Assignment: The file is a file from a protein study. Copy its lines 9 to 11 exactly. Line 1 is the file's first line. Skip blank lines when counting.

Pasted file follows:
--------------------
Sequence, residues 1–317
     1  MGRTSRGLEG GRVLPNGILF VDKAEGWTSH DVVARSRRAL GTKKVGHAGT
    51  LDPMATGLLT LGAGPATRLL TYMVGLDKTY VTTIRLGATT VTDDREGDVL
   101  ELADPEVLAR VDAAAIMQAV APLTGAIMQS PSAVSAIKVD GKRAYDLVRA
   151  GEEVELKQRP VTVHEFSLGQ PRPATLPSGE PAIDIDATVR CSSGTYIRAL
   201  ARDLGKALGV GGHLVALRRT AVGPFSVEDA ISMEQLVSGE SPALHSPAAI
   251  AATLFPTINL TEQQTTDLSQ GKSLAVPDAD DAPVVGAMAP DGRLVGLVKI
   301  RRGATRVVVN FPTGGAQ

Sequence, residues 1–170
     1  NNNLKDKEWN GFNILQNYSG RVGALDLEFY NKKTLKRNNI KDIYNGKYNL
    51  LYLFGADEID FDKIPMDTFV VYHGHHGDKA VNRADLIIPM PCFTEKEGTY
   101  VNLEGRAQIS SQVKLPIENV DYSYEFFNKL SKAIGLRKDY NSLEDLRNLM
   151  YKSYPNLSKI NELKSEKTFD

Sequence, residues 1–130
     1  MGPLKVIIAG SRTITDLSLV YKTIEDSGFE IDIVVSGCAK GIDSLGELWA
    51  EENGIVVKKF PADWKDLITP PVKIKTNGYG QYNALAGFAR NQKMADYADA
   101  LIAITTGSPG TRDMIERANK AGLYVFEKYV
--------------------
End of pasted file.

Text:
Sequence, residues 1–170
     1  NNNLKDKEWN GFNILQNYSG RVGALDLEFY NKKTLKRNNI KDIYNGKYNL
    51  LYLFGADEID FDKIPMDTFV VYHGHHGDKA VNRADLIIPM PCFTEKEGTY